Real Nappy Week 2014
Forget safety pins and boil washes: why modern reusable nappies deserve mainstream status!
To celebrate the 2014 Real Nappy Week (28th April – 4th May), the Reusable Nappy Association (RNA) is working to dispel the many myths surrounding reusable ("real") nappies to show parents that choosing cloth nappies would benefit both their families and the planet – and all without the hard work some people associate with reusable nappies.
Many parents may think of washable nappies as cumbersome, fixed with safety pins and needing boil washes on the stove, but nappies have come a very long way since terry towelling was the only available choice. Today’s cloth nappies are shaped to fit, elasticated to maximise containment, feature beautiful designs, are made from natural and technical fabrics and are quick and easy to use – without a safety pin in sight. Washing machines take care of the cleaning and eliminate the need for soaking, making reusable nappies no more laborious than – or different from – keeping baby dressed in clean clothes.
Another misconception is that reusable nappies are no better for the environment than disposables. A flawed life cycle report from 2005 was updated in 2008 and showed that reusable nappies come with several environmental benefits: Lower carbon footprint if cared for responsibly and less raw materials used in production. And of course they don't generate the huge amount of waste that throw-away nappies do:
If every UK parent changed to just one reusable nappy a day, this would divert as much as 800 million disposables from landfill over the time the child is in nappies. If you are finding the figure hard to visualise, this amount of waste would fill 5,000 refuse lorries.
Modern reusable nappies are as easy to use as their disposable counterparts and with performance levels to match, the RNA passionately believes that every cloth nappy a parent or carer changes to makes a big difference. A child can go through more than 5,000 disposable nappies from birth to potty training, so even a part-time switch to reusable nappies will have a positive impact.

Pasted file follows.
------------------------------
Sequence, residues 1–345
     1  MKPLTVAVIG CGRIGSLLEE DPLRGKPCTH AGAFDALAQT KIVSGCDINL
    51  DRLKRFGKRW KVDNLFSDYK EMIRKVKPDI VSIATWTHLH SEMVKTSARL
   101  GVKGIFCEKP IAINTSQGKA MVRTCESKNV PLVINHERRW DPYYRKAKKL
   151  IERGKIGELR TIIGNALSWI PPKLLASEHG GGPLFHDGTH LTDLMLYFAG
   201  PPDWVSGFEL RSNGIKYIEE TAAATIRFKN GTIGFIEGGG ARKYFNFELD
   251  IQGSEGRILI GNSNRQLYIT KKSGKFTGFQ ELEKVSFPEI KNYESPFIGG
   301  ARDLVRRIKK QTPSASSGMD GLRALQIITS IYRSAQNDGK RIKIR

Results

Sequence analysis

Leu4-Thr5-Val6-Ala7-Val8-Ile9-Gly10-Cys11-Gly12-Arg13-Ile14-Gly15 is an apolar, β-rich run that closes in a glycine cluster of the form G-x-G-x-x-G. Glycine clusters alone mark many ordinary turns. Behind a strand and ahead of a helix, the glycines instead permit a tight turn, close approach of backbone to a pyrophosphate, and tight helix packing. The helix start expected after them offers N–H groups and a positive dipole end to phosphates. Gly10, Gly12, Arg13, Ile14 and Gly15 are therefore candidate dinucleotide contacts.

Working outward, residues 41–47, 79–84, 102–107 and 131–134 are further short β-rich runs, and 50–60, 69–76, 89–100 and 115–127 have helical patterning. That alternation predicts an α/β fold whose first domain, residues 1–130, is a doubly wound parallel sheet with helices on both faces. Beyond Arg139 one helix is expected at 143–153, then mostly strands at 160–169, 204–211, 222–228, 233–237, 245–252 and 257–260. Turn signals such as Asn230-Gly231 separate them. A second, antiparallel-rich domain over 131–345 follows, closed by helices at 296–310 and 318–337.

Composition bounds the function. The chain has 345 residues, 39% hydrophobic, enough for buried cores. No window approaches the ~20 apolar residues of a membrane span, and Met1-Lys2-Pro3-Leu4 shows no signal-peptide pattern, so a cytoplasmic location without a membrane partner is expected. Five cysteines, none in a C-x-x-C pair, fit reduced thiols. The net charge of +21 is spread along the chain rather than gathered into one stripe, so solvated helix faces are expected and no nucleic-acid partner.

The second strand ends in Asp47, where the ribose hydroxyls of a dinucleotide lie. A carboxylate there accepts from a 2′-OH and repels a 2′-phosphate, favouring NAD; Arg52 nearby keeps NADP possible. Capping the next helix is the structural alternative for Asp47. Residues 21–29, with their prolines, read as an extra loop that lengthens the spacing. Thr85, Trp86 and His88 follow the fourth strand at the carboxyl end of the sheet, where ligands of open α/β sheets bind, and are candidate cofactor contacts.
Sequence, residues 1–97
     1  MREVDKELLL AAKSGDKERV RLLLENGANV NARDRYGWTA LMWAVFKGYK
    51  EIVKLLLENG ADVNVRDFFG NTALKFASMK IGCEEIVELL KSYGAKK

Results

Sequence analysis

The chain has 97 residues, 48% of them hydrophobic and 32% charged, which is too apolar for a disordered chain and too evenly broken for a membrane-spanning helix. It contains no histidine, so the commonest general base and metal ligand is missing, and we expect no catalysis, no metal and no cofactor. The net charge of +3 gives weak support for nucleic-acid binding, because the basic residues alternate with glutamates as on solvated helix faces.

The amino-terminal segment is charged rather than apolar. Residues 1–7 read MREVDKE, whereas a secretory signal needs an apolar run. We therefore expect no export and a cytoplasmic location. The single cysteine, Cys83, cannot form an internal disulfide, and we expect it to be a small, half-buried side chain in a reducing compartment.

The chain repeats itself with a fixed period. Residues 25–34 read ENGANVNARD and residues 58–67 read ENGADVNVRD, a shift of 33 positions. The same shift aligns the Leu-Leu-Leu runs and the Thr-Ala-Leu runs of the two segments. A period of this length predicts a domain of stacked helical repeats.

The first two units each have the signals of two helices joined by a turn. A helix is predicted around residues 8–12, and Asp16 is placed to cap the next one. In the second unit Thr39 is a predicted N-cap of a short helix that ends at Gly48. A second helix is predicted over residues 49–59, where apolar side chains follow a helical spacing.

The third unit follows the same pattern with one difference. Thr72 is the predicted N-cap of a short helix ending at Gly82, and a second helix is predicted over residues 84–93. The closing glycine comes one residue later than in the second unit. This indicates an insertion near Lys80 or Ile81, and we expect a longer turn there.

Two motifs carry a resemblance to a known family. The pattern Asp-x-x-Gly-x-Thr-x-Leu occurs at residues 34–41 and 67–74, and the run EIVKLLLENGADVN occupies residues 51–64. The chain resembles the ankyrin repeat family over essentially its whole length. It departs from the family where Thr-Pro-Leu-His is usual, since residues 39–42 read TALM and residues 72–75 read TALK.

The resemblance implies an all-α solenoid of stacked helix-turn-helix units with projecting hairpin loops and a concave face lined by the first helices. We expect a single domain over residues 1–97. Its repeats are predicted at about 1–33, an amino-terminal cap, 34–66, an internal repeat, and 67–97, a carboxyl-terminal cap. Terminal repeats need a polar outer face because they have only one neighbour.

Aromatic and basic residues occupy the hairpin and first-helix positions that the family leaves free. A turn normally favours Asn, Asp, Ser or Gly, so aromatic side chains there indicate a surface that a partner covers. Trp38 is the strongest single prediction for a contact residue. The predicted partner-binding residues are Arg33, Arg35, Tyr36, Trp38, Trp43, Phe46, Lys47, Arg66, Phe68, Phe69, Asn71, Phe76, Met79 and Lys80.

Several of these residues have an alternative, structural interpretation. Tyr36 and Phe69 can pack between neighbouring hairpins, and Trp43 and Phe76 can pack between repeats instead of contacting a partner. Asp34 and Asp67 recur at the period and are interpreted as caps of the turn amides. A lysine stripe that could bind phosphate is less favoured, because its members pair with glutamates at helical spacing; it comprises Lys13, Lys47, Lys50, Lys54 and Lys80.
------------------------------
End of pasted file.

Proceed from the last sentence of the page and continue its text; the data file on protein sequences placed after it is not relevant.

Key facts about reusable nappies:Reusable nappies are up to 40% better for the environment than disposables in terms of carbon footprint . This figure includes calculations for post purchase laundry of reusables (and assumes washing at 40-60 degrees and predominantly air drying the nappies). However the figure does not take into account the post purchase impact of landfilling disposable nappies. Landfill sites are responsible for around 38% of methane (another greenhouse gas) emissions in the UK.
3 billion disposable nappies are thrown away every year in the UK, making up around 3-4% of all landfill waste . Nobody knows how long they will remain there before breaking down, but estimates suggest it may take several hundred years.
Reusable nappies use significantly less raw materials than disposables: Around 2.7kg for a full time set of reusables as opposed to 120kg for disposables . In the UK alone, the disposables used equate to the consumption of around 90 million kilogram of raw materials. The levels of over-consumption of materials that any disposable product represents is quite simply unsustainable and making even small changes towards reducing this impact must be encouraged.
Reusable nappies save parents around £500 (including washing costs) per child compared to the cost of disposables – and what's more, a full set of reusable nappies to last a baby from newborn to potty training can cost as little as £200.